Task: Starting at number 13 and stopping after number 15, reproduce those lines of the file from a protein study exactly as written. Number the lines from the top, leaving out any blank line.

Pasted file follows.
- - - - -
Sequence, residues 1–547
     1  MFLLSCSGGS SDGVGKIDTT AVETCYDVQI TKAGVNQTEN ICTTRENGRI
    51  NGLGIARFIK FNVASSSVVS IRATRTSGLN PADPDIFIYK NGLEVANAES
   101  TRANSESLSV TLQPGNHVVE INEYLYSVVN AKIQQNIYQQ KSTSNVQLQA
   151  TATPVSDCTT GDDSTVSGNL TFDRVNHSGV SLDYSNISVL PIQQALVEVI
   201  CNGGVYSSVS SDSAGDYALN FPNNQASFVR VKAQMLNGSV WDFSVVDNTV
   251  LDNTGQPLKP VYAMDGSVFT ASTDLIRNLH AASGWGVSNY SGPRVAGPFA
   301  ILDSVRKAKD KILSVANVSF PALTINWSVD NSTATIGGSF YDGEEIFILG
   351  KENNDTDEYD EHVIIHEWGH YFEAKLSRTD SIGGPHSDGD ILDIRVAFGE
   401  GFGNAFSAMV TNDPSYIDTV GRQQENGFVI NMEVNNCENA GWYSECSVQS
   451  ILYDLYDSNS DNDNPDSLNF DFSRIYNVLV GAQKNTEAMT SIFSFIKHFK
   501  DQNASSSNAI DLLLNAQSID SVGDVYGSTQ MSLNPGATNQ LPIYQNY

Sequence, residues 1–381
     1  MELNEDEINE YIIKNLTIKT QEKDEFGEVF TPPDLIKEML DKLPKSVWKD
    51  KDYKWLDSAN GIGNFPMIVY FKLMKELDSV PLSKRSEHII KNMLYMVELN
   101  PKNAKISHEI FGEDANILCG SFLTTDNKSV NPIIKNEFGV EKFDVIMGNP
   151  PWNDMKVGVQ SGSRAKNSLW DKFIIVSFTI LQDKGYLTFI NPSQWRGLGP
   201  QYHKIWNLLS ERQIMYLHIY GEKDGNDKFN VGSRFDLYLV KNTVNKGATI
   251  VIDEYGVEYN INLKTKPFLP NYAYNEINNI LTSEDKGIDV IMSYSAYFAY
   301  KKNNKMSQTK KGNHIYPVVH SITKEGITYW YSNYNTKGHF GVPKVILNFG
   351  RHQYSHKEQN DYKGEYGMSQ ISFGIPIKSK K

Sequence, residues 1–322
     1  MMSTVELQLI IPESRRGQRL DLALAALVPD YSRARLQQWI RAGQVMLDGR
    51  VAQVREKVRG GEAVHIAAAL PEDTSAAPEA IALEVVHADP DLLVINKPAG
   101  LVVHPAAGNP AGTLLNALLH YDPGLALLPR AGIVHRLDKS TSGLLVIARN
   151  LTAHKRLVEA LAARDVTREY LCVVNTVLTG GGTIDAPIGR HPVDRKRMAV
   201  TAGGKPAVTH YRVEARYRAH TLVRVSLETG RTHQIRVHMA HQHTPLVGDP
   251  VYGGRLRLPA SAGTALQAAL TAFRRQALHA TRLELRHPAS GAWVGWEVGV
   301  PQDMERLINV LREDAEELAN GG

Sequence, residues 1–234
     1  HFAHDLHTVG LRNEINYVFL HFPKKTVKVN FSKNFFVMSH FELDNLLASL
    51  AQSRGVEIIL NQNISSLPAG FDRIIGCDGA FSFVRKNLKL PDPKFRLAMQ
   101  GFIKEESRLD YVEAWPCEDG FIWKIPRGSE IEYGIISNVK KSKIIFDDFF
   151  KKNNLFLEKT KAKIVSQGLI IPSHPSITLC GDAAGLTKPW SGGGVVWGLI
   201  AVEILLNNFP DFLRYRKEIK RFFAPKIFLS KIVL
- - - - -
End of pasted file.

Sequence, residues 1–381
     1  MELNEDEINE YIIKNLTIKT QEKDEFGEVF TPPDLIKEML DKLPKSVWKD
    51  KDYKWLDSAN GIGNFPMIVY FKLMKELDSV PLSKRSEHII KNMLYMVELN